[FieldTrip] Cluster-based permutation: Interactions & Alpha adjustment

Schoffelen, J.M. (Jan Mathijs) jan.schoffelen at donders.ru.nl
Wed Nov 30 16:56:41 CET 2016

Hi Christine,

I don’t have the answer to your specific question, but I want to raise a few points:

Although the permutation framework as implemented in FT outputs 1 p-value per cluster (for a two-sided test, both for the ‘negative’ and for the ‘positive’ clusters), Only the smallest p-value counts for the statistical inference. This is because your inferential procedure is about making a binary decision, you either reject or accept your null-hypothesis.

Also, note that in the permutation framework, without explicit adjustment, the p-values that come out reflect one-sided p-values. For a valid inference, you need to Bonferroni correct these (i.e. multiply them by 2), or adjust the critical alpha level.

This being said, I would say that what you want to achieve (i.e. doing post-hoc tests) does not need to be done within the cluster-based framework. The clusters are just byproducts of your inferential procedure.

Some general background on how to deal with the output of the tests can be found on:


In your specific case, where as a first step you have evaluated the interaction as a difference of differences, I would think it’s fine to use this result to justify a selection of channel + time points, across which you average the condition specific ERP, and which you subject to your post hoc tests.


On 30 Nov 2016, at 09:57, Blume Christine <christine.blume at sbg.ac.at<mailto:christine.blume at sbg.ac.at>> wrote:

Maybe an example will stimulate some discussion ;-).

I test an interaction among two factors with two levels each with regard to the ERPs elicited by each stimulus.
Let’s say we present two stimuli (house vs. face) in colour (black/white vs. colour). The interaction is significant and we want to know which factor levels differ using post hoc tests using the following cfg.

cfg = [];
cfg.latency = [0 1];
cfg.method = 'montecarlo';
cfg.statistic = 'ft_statfun_depsamplesT';
cfg.correctm = 'cluster';
cfg.clusteralpha = 0.05;
cfg.clusterstatistic = 'maxsum';
cfg.minnbchan = 2;
cfg.tail = 0;
cfg.clustertail = 0;
cfg.alpha = 0.025;
cfg.numrandomization = 1000;
cfg_neighb.method = 'distance';
cfg.neighbours = ft_prepare_neighbours(cfg_neighb, data_sample);
cfg.design = design;
cfg.ivar = 2;
cfg.uvar = 1;

What we get is the following.

stat_erp.FACE_COLOURvsFACE_BW = ft_timelockstatistics(cfg, grandavg_erp.FACE_COLOUR, grandavg_erp.FACE_BW);
stat_erp.FACE_COLOURvsFACE_BW.posclusters.prob % 18 clusters, p > 0.4076
stat_erp.FACE_COLOURvsFACE_BW.negclusters.prob % 12 clusters, p > 0.2957
stat_erp.FACE_COLOURvsHOUSE_COLOUR = ft_timelockstatistics(cfg, grandavg_erp.FACE_COLOUR, grandavg_erp.HOUSE_COLOUR);
stat_erp.FACE_COLOURvsHOUSE_COLOUR.posclusters.prob % 10 clusters, p > 0.4326
stat_erp.FACE_COLOURvsHOUSE_COLOUR.negclusters.prob % 12 clusters, p = 0.0599; p > 0.8631
stat_erp.FACE_COLOURvsHOUSE_BW = ft_timelockstatistics(cfg, grandavg_erp.FACE_COLOUR, grandavg_erp.HOUSE_BW);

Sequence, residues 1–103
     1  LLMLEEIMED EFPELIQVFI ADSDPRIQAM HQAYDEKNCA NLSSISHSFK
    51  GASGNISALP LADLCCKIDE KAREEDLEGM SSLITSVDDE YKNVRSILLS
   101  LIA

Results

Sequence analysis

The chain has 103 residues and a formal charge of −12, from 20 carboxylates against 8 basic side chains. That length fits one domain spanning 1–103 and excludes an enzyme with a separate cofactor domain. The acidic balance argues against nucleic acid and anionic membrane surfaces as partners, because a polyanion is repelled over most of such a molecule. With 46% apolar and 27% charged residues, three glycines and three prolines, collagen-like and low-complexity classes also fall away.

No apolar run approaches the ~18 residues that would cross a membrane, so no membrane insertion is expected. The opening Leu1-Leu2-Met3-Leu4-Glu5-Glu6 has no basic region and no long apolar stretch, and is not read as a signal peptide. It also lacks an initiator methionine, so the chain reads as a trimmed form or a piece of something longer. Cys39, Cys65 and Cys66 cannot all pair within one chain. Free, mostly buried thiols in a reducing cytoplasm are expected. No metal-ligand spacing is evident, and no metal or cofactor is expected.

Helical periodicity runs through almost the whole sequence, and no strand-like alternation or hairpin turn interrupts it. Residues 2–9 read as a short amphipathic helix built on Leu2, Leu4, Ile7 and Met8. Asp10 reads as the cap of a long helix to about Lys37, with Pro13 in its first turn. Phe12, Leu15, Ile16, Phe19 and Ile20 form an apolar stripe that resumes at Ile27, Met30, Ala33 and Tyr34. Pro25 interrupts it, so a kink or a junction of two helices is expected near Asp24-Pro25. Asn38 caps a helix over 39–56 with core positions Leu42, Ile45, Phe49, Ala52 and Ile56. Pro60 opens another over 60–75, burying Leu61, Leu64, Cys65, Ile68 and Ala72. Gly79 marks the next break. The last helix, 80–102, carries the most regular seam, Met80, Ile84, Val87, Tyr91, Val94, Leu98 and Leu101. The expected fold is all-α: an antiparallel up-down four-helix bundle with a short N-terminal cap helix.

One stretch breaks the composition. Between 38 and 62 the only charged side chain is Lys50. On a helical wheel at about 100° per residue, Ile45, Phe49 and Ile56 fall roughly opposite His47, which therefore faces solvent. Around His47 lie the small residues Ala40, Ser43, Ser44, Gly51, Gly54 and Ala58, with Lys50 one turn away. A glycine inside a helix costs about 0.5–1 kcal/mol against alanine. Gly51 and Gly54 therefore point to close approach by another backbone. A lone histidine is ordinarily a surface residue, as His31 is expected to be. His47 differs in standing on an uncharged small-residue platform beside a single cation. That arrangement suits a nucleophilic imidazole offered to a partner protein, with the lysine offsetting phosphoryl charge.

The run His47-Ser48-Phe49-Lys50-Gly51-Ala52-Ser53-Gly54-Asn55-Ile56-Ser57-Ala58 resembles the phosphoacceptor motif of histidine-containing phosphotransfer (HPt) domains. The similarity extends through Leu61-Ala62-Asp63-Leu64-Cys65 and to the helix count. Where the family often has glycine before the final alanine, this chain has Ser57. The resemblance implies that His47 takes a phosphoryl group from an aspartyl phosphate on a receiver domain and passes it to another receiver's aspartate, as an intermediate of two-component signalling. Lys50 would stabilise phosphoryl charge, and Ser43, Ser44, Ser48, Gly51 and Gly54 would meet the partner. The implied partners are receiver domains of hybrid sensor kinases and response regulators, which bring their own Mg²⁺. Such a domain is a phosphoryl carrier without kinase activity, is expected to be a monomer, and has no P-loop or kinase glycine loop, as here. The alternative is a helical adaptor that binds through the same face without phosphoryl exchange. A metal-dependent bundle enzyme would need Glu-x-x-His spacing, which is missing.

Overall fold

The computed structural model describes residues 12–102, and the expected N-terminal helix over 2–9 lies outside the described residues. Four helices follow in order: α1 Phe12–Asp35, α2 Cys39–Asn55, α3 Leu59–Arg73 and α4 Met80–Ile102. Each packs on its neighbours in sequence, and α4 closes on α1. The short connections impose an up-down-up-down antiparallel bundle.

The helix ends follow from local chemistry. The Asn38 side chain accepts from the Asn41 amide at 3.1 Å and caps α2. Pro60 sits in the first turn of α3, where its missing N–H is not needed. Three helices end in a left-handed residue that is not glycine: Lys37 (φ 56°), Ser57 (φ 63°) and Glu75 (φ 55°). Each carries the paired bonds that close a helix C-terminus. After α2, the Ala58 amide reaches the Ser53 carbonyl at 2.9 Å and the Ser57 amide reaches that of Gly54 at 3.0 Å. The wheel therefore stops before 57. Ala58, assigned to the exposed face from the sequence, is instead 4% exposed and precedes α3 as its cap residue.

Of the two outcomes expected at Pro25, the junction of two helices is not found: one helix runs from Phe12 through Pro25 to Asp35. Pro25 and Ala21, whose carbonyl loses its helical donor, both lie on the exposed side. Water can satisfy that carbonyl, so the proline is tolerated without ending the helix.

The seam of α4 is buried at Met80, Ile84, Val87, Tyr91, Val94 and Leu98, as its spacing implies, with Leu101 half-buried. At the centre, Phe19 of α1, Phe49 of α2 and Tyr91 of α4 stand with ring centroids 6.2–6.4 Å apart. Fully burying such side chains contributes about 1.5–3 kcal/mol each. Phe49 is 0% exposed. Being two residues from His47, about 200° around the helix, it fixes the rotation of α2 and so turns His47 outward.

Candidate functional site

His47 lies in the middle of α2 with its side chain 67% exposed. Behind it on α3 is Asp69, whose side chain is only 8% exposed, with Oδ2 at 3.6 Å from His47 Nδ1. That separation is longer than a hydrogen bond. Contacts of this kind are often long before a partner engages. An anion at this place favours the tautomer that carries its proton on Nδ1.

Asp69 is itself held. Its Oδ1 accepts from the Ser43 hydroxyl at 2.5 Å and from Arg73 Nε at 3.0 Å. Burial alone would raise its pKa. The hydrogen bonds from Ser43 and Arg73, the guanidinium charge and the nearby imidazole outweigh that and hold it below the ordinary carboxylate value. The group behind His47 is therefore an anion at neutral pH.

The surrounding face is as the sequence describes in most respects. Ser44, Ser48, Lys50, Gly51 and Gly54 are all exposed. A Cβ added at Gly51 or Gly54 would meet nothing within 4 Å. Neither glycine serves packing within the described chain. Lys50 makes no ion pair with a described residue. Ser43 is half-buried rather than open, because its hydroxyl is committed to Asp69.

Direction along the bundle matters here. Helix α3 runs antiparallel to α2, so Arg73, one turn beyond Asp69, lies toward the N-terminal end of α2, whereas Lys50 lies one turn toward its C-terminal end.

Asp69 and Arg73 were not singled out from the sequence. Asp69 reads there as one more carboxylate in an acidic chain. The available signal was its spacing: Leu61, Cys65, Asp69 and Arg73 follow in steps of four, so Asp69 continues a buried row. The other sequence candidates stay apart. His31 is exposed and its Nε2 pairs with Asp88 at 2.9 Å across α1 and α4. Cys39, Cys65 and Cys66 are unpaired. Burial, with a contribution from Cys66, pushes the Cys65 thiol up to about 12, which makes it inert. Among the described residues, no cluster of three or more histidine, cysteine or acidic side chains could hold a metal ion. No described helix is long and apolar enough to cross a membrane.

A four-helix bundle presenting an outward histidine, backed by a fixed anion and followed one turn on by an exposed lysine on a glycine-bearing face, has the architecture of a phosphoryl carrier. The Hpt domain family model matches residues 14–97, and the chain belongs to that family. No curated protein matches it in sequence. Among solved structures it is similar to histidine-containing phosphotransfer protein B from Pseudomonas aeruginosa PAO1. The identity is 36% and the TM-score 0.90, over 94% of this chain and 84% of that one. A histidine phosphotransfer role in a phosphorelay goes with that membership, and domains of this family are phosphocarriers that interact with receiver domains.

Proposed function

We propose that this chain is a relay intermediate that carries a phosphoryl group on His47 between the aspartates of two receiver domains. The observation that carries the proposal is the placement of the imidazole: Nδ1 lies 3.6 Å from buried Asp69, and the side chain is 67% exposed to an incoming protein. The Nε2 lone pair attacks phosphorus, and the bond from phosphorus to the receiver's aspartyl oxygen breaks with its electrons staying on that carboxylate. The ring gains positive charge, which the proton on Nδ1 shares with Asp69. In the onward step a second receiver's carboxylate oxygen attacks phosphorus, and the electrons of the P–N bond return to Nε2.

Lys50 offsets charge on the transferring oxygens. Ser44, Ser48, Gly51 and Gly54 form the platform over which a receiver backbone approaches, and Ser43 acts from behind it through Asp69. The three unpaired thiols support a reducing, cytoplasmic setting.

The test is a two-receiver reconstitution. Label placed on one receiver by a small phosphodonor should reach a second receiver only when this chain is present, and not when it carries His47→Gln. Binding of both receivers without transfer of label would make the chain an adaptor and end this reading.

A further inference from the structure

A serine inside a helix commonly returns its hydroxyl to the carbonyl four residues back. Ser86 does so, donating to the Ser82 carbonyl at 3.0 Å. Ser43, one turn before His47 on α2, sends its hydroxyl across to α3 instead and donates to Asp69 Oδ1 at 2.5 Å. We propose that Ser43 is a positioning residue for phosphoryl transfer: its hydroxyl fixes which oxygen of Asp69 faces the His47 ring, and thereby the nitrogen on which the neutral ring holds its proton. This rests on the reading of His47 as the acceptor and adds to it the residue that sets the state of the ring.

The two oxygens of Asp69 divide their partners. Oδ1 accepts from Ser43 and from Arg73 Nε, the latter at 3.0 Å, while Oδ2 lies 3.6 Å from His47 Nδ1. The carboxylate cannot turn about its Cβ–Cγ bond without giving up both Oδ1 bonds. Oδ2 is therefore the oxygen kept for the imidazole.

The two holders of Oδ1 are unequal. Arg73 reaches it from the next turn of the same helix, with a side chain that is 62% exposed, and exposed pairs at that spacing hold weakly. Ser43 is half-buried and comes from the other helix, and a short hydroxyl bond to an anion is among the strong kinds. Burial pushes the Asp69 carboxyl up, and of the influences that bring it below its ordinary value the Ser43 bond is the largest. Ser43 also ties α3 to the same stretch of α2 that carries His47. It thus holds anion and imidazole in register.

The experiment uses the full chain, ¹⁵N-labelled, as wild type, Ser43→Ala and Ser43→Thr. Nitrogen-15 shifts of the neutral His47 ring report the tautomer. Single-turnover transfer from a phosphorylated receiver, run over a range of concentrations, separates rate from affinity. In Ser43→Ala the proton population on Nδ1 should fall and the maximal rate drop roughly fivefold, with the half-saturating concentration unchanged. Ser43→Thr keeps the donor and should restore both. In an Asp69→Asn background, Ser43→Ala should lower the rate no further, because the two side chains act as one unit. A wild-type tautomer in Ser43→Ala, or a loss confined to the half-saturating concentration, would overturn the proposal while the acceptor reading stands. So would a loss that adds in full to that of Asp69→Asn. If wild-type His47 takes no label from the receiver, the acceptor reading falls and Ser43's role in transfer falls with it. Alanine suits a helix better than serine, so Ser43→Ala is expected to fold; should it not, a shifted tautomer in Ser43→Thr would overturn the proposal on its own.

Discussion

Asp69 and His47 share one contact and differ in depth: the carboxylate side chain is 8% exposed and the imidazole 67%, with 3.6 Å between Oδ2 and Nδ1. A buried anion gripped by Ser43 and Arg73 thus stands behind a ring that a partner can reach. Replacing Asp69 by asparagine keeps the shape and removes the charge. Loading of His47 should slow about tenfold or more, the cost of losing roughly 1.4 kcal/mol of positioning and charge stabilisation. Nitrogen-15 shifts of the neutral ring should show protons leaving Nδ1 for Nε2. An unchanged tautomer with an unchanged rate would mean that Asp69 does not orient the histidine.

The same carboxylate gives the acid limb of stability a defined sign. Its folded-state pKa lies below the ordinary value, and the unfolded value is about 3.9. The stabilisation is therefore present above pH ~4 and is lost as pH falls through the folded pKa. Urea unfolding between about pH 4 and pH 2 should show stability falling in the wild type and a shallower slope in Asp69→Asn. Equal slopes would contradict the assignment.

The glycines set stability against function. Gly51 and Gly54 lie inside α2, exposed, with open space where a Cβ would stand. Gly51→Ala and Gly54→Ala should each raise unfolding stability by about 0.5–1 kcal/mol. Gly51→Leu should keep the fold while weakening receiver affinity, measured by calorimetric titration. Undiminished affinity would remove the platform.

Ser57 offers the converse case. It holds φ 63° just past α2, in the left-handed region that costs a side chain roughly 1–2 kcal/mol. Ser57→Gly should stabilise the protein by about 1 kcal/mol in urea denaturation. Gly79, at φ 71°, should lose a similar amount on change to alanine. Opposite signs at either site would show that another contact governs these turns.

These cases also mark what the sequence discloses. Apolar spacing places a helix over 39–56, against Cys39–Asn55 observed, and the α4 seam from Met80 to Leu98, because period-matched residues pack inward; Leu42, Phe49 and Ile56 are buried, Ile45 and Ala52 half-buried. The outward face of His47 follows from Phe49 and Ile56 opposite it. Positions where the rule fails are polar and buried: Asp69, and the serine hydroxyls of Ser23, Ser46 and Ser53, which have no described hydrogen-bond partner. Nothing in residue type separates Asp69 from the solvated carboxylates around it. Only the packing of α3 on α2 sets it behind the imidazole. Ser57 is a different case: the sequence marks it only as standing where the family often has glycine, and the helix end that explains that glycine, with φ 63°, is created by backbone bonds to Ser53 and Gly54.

stat_erp.FACE_COLOURvsHOUSE_BW.posclusters.prob % 16 clusters, p = 0.0360, p > 0.7742
stat_erp.FACE_COLOURvsHOUSE_BW.negclusters.prob % 13 clusters, p = 0.0300, p > 0.5105
stat_erp.HOUSE_COLOURvsFACE_BW = ft_timelockstatistics(cfg, grandavg_erp.HOUSE_COLOUR, grandavg_erp.FACE_BW);
stat_erp.HOUSE_COLOURvsFACE_BW.posclusters.prob % 16 clusters, p > 0.2697
stat_erp.HOUSE_COLOURvsFACE_BW.negclusters.prob % 11 clusters, p = 0.0090, p > .0.9291
stat_erp.HOUSE_COLOURvsHOUSE_BW = ft_timelockstatistics(cfg, grandavg_erp.HOUSE_COLOUR, grandavg_erp.HOUSE_BW);
stat_erp.HOUSE_COLOURvsHOUSE_BW.posclusters.prob % 19 clusters, p = 0.0020, p = 0.0979, p > 0.2468
stat_erp.HOUSE_COLOURvsHOUSE_BW.negclusters.prob % 13 clusters, p = 0.0480, p = 0.0699, p > 0.3606
stat_erp.FACE_BWvsHOUSE_BW = ft_timelockstatistics(cfg, grandavg_erp.FACE_COLOUR, grandavg_erp.HOUSE_BW);
stat_erp.FACE_BWvsHOUSE_BW.posclusters.prob % 16 clusters, p = 0.0410, p > 0.7732
stat_erp.FACE_BWvsHOUSE_BW.negclusters.prob % 13 clusters, p = 0.0320, p > 0.4725

Now the question is: how do we correct for these 6 follow-up tests? If we say we want to use the Bonferroni-Holm correction for example, we have to sort p-values according to size. However, we have two p-values per test, one for positive and one for negative clusters and Bonferroni-Holm assumes we only have one per test.

Any ideas or suggestions how to best handle this?


Von: Blume Christine
Gesendet: Montag, 28. November 2016 17:04
An: FieldTrip discussion list (fieldtrip at science.ru.nl<mailto:fieldtrip at science.ru.nl>)
Betreff: AW: [FieldTrip] Cluster-based permutation: Interactions & Alpha adjustment

Sorry, I forgot to mention that I am using

cfg.method = 'montecarlo';


Von: fieldtrip-bounces at science.ru.nl<mailto:fieldtrip-bounces at science.ru.nl> [mailto:fieldtrip-bounces at science.ru.nl] Im Auftrag von Blume Christine
Gesendet: Montag, 28. November 2016 16:46
An: FieldTrip discussion list (fieldtrip at science.ru.nl<mailto:fieldtrip at science.ru.nl>)
Betreff: [FieldTrip] Cluster-based permutation: Interactions & Alpha adjustment

Dear community,

I am using the cluster-based permutation test for statistical evaluation of my data. Besides main effects I also test the interaction between them. When following up on a significant interaction with further permutation tests I feel I should correct my alpha level for multiple comparisons. Is that correct?


Dipl.-Psych. Christine Blume
University of Salzburg
Department of Psychology
Centre for Cognitive Neuroscience (CCNS)
Laboratory for Sleep, Cognition and Consciousness Research
Hellbrunner Str. 34
A-5020 Salzburg
Email: christine.blume at sbg.ac.at<mailto:christine.blume at sbg.ac.at>
T: +43 (0) 662 – 8044 5146

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